If the landlord, you make substantial investments and take financial risks in order to provide other people with housing and potentially generate a steady stream of income. There are laws that protect you as a landlord and other laws that protect the tenants who rent from you.
You will have to comply with tenant right laws while still acting in your own best interest as a landlord. Knowing what you have to do when requesting or returning a security deposit can help you avoid potentially expensive mistakes.
Ohio limits how much you can charge for a security deposit
Generally speaking, the amount you charge for security deposit cannot exceed one month’s rent. If it does and your tenant stays in the unit for six months or longer, you will have to begin paying them interest on the security deposit they paid.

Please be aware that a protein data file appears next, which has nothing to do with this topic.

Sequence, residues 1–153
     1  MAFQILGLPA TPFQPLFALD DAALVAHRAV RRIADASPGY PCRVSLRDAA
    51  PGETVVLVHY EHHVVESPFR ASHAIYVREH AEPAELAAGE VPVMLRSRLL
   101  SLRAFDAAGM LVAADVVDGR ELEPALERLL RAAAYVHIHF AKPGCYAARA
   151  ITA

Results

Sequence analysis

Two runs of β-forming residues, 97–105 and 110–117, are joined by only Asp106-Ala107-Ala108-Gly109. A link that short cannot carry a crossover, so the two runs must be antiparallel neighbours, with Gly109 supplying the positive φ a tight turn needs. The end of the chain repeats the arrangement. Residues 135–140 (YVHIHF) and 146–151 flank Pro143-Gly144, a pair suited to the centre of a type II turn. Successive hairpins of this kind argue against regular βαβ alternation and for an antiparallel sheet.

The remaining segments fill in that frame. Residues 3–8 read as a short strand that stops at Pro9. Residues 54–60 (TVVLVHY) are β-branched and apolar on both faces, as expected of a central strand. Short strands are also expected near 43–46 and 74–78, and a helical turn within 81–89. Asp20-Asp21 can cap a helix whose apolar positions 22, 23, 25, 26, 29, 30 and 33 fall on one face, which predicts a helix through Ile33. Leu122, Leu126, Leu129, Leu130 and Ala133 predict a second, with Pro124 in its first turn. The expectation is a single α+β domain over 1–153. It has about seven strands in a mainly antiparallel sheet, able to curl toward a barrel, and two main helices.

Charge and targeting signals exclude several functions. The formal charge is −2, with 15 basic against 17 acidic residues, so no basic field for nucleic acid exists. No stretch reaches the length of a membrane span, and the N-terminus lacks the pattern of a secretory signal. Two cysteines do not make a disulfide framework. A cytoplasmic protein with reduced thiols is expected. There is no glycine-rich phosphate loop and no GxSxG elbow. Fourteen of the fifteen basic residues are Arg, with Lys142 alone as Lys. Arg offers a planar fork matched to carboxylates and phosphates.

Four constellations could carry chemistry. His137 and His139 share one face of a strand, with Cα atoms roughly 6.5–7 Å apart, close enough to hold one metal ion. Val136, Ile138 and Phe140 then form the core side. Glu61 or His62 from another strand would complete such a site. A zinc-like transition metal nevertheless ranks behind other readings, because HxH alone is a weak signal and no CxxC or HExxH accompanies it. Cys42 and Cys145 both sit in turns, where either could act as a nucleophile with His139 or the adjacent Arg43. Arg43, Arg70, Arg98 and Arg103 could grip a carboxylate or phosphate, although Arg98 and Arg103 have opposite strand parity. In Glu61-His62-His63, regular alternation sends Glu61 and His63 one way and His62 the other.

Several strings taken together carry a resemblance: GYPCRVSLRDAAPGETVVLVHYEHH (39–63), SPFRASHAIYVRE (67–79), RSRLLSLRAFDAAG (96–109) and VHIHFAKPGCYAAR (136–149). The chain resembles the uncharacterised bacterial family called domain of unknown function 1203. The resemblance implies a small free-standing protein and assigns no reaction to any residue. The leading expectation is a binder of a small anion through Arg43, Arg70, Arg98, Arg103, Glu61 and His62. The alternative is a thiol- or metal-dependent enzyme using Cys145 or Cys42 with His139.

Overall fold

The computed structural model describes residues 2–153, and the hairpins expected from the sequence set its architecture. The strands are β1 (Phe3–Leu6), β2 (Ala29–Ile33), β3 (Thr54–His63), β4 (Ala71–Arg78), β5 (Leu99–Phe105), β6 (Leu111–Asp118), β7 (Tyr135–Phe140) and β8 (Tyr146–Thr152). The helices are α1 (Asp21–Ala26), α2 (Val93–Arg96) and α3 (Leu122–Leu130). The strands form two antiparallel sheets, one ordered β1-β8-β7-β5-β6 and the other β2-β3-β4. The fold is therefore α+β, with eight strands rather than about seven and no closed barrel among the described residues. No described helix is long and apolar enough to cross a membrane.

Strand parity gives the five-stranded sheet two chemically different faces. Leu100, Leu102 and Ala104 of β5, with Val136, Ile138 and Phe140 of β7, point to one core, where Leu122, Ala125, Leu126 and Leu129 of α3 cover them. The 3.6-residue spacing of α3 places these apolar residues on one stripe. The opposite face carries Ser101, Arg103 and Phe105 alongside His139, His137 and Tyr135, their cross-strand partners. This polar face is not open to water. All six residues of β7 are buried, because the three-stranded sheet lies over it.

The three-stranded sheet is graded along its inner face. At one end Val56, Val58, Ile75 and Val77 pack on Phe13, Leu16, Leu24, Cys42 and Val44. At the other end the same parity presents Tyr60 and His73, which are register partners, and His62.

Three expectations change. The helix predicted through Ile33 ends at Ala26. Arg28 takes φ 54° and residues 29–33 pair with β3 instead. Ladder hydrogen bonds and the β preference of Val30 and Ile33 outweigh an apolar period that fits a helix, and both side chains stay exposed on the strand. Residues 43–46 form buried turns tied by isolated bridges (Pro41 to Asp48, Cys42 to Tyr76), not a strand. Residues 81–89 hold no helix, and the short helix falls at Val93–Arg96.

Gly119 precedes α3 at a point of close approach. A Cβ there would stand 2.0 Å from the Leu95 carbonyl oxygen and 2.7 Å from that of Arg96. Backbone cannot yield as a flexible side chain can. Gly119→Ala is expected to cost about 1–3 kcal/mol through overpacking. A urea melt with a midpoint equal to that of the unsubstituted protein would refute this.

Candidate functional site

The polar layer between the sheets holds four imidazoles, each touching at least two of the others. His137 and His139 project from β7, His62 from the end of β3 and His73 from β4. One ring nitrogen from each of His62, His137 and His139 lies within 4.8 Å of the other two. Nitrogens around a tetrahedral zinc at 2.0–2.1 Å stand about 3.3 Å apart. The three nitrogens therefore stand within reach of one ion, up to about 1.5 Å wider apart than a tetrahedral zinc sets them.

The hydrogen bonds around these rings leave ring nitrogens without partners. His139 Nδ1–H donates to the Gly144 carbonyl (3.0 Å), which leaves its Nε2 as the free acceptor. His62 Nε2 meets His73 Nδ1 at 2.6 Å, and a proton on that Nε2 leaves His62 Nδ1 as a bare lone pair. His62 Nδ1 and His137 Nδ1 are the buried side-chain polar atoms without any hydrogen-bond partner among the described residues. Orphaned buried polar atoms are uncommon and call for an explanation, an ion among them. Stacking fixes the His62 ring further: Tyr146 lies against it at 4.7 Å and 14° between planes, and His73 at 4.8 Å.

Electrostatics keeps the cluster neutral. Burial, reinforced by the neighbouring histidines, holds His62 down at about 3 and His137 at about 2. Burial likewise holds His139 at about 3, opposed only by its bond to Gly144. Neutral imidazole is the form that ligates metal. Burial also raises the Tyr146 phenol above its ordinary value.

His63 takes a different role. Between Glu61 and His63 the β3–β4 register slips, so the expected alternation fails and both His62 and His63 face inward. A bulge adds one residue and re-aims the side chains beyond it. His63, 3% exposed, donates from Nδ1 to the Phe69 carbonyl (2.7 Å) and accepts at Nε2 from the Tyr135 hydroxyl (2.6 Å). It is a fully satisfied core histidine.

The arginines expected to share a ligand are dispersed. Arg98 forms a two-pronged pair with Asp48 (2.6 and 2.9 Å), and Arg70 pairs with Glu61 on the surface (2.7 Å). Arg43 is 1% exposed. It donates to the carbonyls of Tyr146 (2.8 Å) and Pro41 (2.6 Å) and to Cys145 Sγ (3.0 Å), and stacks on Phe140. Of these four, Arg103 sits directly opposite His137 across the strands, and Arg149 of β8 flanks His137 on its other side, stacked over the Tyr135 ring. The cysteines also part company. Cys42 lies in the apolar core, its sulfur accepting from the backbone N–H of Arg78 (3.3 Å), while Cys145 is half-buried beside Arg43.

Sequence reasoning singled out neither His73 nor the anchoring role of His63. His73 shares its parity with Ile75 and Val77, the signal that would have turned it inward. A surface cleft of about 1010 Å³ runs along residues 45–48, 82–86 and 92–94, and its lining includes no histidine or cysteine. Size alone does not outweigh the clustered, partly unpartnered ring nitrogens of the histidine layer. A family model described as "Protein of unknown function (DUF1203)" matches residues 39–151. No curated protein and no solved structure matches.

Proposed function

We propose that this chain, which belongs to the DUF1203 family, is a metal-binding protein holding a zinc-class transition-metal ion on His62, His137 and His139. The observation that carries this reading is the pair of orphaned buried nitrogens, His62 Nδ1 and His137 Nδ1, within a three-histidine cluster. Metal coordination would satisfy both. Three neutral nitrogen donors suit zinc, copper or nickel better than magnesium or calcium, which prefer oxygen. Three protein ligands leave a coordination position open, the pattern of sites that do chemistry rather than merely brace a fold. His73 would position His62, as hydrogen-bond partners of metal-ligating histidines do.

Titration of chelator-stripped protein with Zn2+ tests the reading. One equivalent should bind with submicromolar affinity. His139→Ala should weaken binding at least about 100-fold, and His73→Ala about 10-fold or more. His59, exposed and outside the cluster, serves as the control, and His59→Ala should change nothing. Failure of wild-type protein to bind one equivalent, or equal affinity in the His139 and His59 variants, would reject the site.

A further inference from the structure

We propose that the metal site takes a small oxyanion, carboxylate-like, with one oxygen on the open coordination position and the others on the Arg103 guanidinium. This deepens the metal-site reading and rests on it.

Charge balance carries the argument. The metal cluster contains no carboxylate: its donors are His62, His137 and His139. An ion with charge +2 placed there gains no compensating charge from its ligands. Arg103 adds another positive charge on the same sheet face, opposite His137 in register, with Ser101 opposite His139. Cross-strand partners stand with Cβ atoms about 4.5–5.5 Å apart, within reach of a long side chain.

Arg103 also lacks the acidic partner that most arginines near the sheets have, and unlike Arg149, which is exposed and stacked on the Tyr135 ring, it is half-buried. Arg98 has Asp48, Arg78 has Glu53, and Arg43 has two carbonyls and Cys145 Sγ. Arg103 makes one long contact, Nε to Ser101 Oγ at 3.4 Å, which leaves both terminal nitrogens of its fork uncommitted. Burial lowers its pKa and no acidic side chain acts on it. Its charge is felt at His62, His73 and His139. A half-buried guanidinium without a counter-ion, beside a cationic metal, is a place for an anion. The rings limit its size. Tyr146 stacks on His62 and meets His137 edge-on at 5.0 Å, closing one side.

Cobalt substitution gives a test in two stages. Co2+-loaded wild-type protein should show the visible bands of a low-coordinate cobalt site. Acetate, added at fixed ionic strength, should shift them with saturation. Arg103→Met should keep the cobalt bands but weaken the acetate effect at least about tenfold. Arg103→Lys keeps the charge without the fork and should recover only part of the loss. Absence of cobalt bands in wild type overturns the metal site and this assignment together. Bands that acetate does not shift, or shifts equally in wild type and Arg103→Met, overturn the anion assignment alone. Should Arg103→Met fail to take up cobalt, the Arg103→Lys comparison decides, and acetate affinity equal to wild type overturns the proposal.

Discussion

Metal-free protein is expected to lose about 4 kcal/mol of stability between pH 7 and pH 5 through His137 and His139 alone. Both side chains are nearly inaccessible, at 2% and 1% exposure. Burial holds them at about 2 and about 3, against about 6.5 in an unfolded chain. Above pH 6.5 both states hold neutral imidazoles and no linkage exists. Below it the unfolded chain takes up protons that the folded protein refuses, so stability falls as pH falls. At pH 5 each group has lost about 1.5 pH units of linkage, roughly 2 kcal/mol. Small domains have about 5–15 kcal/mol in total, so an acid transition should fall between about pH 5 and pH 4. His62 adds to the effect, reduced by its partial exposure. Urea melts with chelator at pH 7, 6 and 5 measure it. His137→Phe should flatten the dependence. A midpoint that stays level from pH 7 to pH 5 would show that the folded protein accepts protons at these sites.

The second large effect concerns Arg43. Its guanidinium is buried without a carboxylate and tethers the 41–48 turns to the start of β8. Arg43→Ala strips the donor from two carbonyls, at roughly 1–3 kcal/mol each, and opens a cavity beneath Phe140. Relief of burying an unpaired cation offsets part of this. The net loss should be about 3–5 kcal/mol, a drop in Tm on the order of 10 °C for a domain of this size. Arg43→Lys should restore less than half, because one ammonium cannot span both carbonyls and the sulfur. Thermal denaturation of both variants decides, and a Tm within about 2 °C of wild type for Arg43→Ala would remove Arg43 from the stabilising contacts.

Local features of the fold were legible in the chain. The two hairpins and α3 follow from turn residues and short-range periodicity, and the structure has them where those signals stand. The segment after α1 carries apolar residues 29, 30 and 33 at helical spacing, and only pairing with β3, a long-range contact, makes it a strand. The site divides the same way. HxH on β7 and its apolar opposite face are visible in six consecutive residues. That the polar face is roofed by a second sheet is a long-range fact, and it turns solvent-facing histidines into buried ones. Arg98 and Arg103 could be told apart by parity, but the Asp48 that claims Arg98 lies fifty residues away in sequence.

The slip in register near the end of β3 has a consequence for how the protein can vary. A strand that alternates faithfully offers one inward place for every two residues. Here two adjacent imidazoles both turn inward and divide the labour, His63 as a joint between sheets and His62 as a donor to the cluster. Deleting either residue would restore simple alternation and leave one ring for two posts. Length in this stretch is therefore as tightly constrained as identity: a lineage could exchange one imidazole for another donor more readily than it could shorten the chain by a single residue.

While certain situations, such as a luxury facility or a very high-risk tenant, might justify charging a higher security deposit to protect yourself, most landlords will choose to collect the amount of a single month’s rent rather than trying to assess and pay interest on a higher deposit.
You must document everything if you intend to keep the security deposit
Landlords sometimes mistakenly presume that a security deposit belongs to them. However, it gets held in escrow because it belongs to a tenant unless the landlord can claim damages.
Situations in which you can keep a security deposit include when the tenants cause significant damage to the property beyond reasonable aging or wear and tear due to their occupancy. Additionally, if the leave prior to the end of their lease, you may be able to retain the security deposit to offset those lost months of rent.
In order to keep the security deposit, you must inform the tenant in writing of your intention to do so and give them an opportunity to respond. Following these best practices can help you avoid liability and claims from former tenants.